Astronomy at the University of Illinois

My last blog post was about being a STEM major – for today’s post, I thought I’d jump into specifics and talk about my major. I’m a junior majoring in Astronomy, and I intend on going to graduate school and becoming a professor. I love my major, and I think it’s one of the most unique and interesting programs of study at the University of Illinois. In this post, I’ll talk about what it’s like to be an Astronomy major and why I chose to study Astronomy.

It’s Astronomy, not Astrology!

I’ve been asked what my astrological sign is countless times since I came to Illinois – for those of you who curious, I’m an Aquarius. Although I think horoscopes are pretty cool, they have very little to do with the scientific study that is Astronomy.

Astronomy is the science that deals with everything in the sky above us. You can study exo-planets orbiting other stars, exotic objects like quasars, and the history of our entire Universe. I’d love to break Astronomy down into specific topics and describe them, but there are simply too many to describe in a blog post!

The Department of Astronomy at the University of Illinois specializes in certain topics; the big ones that come to mind are Cosmology, Computational Astrophysics, and Observational Astronomy. If you’re interested, you can read more about the research fields Illinois is involved in on their website. I’m personally interested in Cosmology – the study of the history of our Universe. Since so many professors at Illinois conduct research in this field, this school is a great place for me to get a head start!

What are courses like for Astronomy majors?

Growing up, I loved reading the Harry Potter books. I’m sure the other Harry Potter fans out there remember the pivotal scene where Harry is taking his Astronomy exam (I won’t ruin it for those of you who haven’t read the books)! During his exam, Harry has to look through a telescope and map out the locations of several celestial objects.

Before coming to Illinois, I thought that Astronomy courses would be practical, just like in Harry Potter. I imagined that undergraduates would go out into the cornfields at night to observe the night skies. You can imagine my surprise when I was told most modern observations are done via computer!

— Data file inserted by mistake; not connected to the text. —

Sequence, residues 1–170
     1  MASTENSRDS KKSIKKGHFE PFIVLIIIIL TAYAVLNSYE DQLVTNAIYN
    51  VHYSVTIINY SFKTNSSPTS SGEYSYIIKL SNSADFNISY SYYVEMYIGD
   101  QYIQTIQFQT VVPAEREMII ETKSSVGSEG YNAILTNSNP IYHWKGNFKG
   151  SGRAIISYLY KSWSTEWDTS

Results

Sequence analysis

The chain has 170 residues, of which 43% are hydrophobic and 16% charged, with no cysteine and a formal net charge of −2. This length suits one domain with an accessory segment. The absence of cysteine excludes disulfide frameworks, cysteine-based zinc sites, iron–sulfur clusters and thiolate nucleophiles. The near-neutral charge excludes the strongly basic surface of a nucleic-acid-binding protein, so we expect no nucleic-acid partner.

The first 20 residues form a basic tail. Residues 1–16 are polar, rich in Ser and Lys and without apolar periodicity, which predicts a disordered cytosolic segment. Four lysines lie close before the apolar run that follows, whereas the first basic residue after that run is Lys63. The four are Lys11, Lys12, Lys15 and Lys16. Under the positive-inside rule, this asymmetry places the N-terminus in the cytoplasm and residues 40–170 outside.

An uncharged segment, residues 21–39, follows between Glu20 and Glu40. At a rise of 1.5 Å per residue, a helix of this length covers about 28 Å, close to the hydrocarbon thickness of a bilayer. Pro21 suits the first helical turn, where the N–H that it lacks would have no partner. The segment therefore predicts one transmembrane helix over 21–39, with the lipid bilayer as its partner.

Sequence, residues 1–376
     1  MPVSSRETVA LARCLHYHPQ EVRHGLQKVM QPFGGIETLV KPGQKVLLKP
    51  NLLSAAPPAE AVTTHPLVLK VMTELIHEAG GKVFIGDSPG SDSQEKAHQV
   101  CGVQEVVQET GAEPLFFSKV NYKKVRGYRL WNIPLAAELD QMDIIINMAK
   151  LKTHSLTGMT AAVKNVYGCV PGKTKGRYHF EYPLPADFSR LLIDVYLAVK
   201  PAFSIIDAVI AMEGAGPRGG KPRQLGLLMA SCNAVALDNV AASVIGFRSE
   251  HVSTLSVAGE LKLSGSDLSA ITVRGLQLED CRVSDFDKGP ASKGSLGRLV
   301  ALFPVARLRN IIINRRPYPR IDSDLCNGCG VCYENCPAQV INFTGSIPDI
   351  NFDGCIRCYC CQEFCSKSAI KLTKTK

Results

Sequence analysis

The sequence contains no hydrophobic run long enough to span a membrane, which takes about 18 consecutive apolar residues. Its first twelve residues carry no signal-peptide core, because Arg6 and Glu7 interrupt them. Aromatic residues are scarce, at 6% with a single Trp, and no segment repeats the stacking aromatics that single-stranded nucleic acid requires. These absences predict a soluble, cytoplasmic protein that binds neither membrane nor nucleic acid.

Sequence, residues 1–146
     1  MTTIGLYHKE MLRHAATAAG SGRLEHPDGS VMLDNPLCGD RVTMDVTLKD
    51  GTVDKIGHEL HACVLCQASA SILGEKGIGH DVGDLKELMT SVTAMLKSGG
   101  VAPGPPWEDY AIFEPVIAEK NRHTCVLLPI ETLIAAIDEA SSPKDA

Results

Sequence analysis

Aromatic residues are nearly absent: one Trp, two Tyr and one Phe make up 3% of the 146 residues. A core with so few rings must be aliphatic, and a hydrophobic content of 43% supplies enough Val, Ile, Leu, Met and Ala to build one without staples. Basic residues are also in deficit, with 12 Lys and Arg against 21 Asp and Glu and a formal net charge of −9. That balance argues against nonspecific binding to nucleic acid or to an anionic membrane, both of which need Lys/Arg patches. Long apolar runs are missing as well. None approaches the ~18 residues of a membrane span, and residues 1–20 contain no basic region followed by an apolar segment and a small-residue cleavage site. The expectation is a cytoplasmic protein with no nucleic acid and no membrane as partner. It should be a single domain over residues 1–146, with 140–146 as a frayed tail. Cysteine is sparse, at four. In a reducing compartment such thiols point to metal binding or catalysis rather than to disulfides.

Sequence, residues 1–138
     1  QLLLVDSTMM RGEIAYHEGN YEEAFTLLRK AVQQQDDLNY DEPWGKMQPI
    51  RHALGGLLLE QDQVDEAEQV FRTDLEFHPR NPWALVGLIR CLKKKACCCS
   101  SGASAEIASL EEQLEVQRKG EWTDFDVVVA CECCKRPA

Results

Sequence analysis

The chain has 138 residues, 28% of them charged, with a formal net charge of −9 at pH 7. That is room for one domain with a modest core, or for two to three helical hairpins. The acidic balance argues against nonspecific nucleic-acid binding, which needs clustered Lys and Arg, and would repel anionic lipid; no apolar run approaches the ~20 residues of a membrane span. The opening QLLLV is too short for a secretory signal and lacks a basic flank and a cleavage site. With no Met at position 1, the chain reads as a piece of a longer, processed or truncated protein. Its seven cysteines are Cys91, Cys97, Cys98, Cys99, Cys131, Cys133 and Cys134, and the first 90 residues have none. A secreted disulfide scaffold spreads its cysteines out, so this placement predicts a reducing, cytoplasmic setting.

If I attended the University of Illinois in the early 20th century, this might have been the case. However, Astronomy has modernized very quickly, and a lot of research can be done thousands of miles from the actual telescope. The courses Astronomy majors take today are based heavily on understanding theories and learning how to analyze data.

For example, I’m currently in ASTR 404: Stellar Astrophysics. Growing up, I would’ve guessed this course would mean looking at different kinds of stars and categorizing them. However, the course only briefly touches upon that. Instead, we learn about the physical laws governing stars – it’s a lot of thermodynamics and chemistry!

Astronomy courses are just Physics courses in space. In high school, I hated Physics because it was so dry – I didn’t really care about calculating the speed of a block sliding on a table. However, I still enjoyed the math behind it, and thought of how numbers could describe everyday phenomena was interesting. I enjoy Astronomy a lot more because it’s applied to a really cool and exotic scenario. Physics is a lot more exciting when it’s in the context of galactic collisions!

Is Astronomy a lot of work?

I get this question a lot, especially from newer students at the University of Illinois. Simply put, yes. I currently have to spend more than 10 hours a week on homework for certain courses, and I do find myself drained of energy a lot.

However, I personally don’t think that workload should be a factor to take into consideration when picking a major. I’m a strong believer in the idea that if you love something, it’ll be easy. I truly love Astronomy – I think it’s super cool and I want to pursue a career in the field. I will be tired from time to time, but I don’t really mind – the end goal is worth it. Plus, every major is difficult in its own way – don’t buy into the idea that there are ‘easy’ majors!

What careers can I get as an Astronomy major?

Instinctively, you might think that there aren’t a lot of career prospects for Astronomy majors. The first two jobs that pop into my head are research scientists or college professors.

However, getting a college degree is much more than learning about the specifics of your major. As an Astronomy major, you gain a very valuable skillset – the ability to analyze data. Knowing how to characterize stars may not be a widely applicable skill, but reading and interpreting tables of numbers is. It may not be a traditional path, but the skills you pick up in STEM are useful in fields like finance and law.


Astronomy is a great subject, and I really do hope that it becomes more popular in the future. I love what I’m studying, and I’m grateful that the University of Illinois allows me to pursue such a niche topic. If you have no idea what you want to study, I hope that this post was helpful!

Franklin

Franklin

Class of 2022
I grew up in Hong Kong, China, and I’ve come across the world to Illinois to major in Astronomy in the College of Liberal Arts and Sciences. I’ve always thought outer space is super cool, and I love that I’m learning everything that I can about it at Illinois.

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